The wolf is the devil. He could devour the lost sheep, but he does worse than that. He takes the sheep from the hireling and scatters them. If he simply devoured the sheep, the mayhem would be localized to a particular place and time, and only the sheep devoured would be afflicted. By scattering them, the mayhem is spread far and wide. Man sins, but the devil augments as much as possible the depth and the reach of man’s sin (See Ephesians 6:12: “For we wrestle not just against flesh and blood, but against principalities, against powers, against the demonic rulers of the darkness of this world, against a spiritual wickedness in high places.”).
John 10:13: “The hireling fleeth because [he] careth not for the sheep.”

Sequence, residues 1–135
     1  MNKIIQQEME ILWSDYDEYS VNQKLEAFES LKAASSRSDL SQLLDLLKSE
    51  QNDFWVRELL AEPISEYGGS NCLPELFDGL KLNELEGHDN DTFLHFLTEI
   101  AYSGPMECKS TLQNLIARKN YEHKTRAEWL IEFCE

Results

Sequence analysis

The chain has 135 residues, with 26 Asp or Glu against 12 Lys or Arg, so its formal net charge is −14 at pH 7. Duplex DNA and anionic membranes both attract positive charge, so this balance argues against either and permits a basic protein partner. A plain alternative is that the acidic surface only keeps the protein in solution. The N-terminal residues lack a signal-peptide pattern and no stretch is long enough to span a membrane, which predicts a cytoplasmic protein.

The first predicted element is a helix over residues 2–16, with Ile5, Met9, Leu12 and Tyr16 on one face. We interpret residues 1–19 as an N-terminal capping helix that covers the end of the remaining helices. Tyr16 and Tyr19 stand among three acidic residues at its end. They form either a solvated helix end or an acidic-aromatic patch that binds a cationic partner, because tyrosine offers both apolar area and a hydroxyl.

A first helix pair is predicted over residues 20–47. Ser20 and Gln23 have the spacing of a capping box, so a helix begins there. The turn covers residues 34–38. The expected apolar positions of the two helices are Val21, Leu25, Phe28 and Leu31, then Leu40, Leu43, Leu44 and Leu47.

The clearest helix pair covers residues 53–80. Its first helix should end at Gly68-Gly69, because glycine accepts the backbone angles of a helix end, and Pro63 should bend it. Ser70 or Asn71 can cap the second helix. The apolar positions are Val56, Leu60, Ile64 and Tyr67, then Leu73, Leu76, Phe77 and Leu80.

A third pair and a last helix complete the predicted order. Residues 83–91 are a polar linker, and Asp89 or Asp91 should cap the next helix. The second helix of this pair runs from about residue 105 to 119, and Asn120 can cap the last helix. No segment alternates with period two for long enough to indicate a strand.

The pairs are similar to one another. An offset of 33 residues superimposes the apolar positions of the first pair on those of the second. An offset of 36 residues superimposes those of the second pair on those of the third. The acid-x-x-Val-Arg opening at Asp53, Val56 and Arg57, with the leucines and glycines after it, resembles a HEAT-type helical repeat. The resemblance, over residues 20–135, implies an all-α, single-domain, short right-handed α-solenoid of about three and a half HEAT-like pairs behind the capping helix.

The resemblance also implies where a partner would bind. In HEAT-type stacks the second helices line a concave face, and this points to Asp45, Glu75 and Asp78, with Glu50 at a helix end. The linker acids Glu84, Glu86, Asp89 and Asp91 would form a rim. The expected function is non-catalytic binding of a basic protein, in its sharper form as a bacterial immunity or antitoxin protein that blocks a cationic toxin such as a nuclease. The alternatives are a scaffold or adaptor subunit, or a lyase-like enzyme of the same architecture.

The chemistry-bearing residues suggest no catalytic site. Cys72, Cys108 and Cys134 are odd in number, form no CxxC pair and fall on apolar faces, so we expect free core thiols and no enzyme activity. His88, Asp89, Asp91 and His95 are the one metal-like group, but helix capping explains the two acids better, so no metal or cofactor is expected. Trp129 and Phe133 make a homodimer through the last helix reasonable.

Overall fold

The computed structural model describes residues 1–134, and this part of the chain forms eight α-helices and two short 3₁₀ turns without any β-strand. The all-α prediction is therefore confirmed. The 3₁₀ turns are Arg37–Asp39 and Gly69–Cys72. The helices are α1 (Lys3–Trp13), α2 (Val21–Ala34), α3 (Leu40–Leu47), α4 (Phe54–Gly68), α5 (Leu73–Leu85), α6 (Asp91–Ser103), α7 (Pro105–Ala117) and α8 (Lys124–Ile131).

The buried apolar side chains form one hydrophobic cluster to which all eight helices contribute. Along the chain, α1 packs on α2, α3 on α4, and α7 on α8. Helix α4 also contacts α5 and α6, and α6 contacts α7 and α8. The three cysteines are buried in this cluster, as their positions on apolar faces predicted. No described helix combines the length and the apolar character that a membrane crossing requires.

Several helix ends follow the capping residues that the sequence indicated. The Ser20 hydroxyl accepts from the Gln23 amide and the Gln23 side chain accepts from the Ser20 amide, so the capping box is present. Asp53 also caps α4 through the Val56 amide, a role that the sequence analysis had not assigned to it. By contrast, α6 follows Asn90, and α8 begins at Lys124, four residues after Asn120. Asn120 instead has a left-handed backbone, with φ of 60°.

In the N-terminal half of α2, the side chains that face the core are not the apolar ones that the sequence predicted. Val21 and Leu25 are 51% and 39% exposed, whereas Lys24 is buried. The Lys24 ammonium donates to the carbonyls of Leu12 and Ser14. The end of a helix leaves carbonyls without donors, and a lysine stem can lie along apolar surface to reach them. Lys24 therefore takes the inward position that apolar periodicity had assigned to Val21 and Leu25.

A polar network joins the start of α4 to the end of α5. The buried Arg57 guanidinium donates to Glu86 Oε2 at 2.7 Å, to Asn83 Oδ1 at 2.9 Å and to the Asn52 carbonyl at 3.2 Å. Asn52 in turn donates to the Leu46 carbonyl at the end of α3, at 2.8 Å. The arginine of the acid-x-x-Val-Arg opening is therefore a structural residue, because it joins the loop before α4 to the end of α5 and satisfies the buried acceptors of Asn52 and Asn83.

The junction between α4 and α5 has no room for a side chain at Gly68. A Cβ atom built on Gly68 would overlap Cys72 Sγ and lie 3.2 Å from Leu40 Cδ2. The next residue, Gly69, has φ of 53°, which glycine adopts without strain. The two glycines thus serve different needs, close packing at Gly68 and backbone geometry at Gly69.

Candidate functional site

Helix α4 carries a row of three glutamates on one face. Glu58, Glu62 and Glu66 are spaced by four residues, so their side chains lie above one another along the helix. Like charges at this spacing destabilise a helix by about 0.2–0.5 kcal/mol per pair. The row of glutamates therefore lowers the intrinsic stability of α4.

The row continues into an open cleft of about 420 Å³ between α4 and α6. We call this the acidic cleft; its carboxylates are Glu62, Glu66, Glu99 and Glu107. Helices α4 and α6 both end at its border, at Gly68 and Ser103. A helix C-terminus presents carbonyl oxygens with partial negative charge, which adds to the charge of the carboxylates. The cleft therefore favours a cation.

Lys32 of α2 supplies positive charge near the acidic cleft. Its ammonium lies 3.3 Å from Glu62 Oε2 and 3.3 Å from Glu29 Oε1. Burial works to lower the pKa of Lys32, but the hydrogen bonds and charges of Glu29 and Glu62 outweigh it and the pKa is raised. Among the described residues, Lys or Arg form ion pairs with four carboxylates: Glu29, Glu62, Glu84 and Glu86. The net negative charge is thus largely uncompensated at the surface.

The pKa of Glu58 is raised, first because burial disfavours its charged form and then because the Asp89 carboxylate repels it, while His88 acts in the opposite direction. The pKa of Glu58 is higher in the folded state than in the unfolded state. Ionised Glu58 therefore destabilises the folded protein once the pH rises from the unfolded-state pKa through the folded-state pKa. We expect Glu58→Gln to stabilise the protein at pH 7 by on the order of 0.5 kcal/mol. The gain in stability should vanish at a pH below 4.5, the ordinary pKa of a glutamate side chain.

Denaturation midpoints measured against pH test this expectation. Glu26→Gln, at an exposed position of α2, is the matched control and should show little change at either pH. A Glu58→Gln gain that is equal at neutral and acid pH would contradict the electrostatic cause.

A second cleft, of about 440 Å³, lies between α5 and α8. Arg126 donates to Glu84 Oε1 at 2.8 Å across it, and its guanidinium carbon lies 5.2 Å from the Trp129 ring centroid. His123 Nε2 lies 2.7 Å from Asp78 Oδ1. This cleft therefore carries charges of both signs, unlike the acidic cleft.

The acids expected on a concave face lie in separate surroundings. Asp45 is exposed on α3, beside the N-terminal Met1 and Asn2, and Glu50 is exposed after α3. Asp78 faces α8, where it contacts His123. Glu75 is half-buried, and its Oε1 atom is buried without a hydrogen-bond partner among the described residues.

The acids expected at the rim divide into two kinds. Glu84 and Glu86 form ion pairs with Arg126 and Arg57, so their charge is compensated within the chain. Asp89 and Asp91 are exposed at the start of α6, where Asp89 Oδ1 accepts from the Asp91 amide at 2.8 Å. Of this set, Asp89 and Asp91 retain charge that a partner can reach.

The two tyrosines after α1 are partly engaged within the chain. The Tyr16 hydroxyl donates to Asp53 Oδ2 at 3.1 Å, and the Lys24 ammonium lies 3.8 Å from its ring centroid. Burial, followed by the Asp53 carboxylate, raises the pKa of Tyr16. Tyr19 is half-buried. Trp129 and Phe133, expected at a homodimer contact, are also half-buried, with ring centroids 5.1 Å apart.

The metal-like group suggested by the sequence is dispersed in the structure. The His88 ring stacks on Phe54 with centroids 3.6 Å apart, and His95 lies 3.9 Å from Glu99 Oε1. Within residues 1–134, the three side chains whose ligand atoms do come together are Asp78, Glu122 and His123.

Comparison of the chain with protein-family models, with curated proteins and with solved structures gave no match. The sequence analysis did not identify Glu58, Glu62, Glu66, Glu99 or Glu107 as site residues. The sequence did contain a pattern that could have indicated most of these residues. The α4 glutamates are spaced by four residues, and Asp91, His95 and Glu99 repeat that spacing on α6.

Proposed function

Because of his repeated sin, man’s heart has been hardened. He is disobedient because He has lost the love he should have for doing God’s will. He simply does not care enough. The end of sin is not vitriolic rebellion so much as uncaring and lazy resignation (See the conclusion to T.S. Eliot’s “The Hollow Men”: “This is the way the world ends/This is the way the world ends/This is the way the world ends/Not with a bang but a whimper.”).
John 10:14: “I am the good shepherd, and know my sheep, and am known of mine.”